Pair of Angels on track for rare accomplishment

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There’s still a ways yet to go, but both Brandon Wood and Jeff Mathis have opportunities to become the first players since 2003 to finish a season with 200 plate appearances and a strikeout-to-walk ratio of at least 12:1.
Let’s look at the carnage:
Wood – .163/.180/.219, 3 HR, 12 RBI, 54/4 K/BB in 189 plate appearances
Mathis – .195/.214/.294, 3 HR, 12 RBI, 50/4 K/BB in 161 plate appearances
Only eight different players have accomplished such a feat during the expansion era. One did in twice:
Andy Kosco (1970, Dodgers) – 40/1 K/BB in 228 PA
Ivan Murrell (1973, Padres) – 52/2 K/BB in 216 PA
Rob Picciolo (1979, Athletics) – 45/3 K/BB in 363 PA
Rob Picciolo (1980, Athletics) – 63/2 K/BB in 281 PA
Tom Paciorek (1986, Rangers) – 41/3 K/BB in 220 PA
Kim Batiste (1994, Phillies) – 32/1 K/BB in 214 PA
Mariano Duncan (1995, PHI/CIN) – 62/5 K/BB in 277 PA
Shawon Dunston (1999, STL/NYM) – 39/2 K/BB in 255 PA
Todd Greene (2003, Rangers) – 47/2 K/BB in 210 PA
Of the nine, just the two National Leaguers had decent seasons in the process. Duncan hit .287/.297/.423 while playing all over the diamond. Dunston, by then a supersub and pinch-hitter, hit .321/.337/.453 with 41 RBI in 243 AB.
Credit Picciolo with consistency. He had a 589 OPS in both seasons. He was actually far worse as a rookie, hitting .200/.218/.258 in 419 AB in 1975. He had a 55/9 K/BB ratio then. Picciolo never again received 200 plate appearances in a season after 1980.
Wood might have had a chance to join the club as a rookie in 2008 with additional playing time. He had a 43/4 K/BB ratio in 157 plate appearances that season.
Mathis, though, has never been nearly so awful before. He finished with a 90/30 K/BB ratio in 328 plate appearances in 2008 and a 73/22 K/BB ratio in 272 plate appearances last year. He’d seem to be less likely than Wood to enter the exclusive club.

New Jersey woman files suit against the Brewers after being struck by a batting practice foul ball

PHILADELPHIA, PENNSYLVANIA - APRIL 11: New protective netting now protects lower deck fans from dugout to dugout at Citizens Bank Park before an opening day game between the San Diego Padres and Philadelphia Phillies on April 11, 2016 in Philadelphia, Pennsylvania. (Photo by Rich Schultz/Getty Images)
Rich Schultz/Getty Images
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A woman from Camden County in New Jersey has filed suit against the Milwaukee Brewers after being struck by a foul ball during batting practice two years ago at Miller Park, Jeff Goldman of NJ.com reports. According to her lawsuit, she suffered an orbital fracture to her left eye socket, nerve and iris damage, and a concussion.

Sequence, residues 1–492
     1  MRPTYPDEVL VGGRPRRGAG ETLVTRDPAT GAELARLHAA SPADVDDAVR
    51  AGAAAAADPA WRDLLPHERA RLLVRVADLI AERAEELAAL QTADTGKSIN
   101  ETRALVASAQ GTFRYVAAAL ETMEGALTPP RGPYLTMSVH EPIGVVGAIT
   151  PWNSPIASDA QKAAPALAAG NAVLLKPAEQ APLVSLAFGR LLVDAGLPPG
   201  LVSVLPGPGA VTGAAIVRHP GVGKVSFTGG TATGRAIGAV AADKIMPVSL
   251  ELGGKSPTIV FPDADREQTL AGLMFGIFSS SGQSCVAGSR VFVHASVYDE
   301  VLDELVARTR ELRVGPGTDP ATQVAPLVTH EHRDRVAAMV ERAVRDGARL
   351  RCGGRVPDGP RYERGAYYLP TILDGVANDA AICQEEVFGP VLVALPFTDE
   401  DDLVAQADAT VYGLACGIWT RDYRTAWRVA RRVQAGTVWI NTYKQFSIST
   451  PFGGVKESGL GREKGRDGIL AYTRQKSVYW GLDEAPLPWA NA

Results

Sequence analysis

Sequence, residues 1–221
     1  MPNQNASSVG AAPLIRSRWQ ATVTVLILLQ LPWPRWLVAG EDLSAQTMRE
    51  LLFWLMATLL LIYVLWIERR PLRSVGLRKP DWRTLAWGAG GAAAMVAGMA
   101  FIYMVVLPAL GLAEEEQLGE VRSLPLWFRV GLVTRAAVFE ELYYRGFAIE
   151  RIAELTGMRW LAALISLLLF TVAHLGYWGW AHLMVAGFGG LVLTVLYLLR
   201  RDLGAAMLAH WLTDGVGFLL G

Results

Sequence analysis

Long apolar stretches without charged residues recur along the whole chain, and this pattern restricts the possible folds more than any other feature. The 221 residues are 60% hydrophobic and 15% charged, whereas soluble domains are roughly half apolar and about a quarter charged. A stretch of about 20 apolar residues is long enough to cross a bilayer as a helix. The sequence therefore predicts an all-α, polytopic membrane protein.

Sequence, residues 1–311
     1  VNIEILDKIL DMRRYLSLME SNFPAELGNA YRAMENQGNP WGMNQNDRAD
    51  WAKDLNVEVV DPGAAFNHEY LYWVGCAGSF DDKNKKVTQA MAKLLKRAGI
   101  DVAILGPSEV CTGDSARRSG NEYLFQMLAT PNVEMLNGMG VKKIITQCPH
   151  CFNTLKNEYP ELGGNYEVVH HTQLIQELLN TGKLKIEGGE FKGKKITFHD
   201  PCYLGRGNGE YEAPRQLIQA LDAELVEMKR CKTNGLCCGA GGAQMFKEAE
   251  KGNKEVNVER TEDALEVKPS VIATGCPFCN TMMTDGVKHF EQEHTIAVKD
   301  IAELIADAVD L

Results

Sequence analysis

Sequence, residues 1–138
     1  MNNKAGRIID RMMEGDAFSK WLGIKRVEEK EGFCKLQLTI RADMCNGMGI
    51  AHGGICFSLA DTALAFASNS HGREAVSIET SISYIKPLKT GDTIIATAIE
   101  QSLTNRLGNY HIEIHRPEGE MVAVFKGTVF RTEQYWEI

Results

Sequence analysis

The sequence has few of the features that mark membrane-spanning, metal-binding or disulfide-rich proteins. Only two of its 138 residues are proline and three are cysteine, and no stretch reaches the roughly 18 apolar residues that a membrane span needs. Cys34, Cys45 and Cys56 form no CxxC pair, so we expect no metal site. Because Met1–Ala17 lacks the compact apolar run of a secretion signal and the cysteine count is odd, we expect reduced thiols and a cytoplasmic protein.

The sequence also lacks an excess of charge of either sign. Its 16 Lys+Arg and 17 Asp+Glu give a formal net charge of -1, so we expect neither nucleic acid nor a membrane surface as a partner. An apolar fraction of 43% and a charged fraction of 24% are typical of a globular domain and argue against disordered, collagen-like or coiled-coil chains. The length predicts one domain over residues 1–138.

The woman, Dana Morelli, was in the second row behind third base along with her fiancee and his son when she was struck by the foul ball. She had to remain in a dark room in Milwaukee before being able to safely travel home. (Sensitivity to light is a common symptom of a concussion.)

Fan safety has become a hot button topic recently. This past December, Major League Baseball issued safety recommendations but ultimately left it up to each ballpark to decide by how much to extend the netting.

Earlier this month, Phillies infielder Freddy Galvis fouled off a pitch that struck a fan. After the game, he clamored for the Phillies to increase protective netting at Citizens Bank Park to extend to the seats behind the dugout, where the fan was hit. Another fan was hit the next day and Galvis threw up his hands in frustration. While fans and owners seem to mostly be against netting, the players seem to be for it.

Mike Leake placed on the disabled list with shingles

Mike Leake
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The Cardinals have placed starter Mike Leake on the 15-day disabled list, retroactive to August 22, with shingles. Which: ugh. Anyone I’ve ever known who has had it wouldn’t wish it on their worst enemy.

Leake was diagnosed with the virus last week and had to be scratched from his scheduled start Saturday versus the Athletics. There is no timetable for Leake’s return. Leake is 9-9 with a 4.56 ERA in 25 starts for the Cardinals. Poor dude.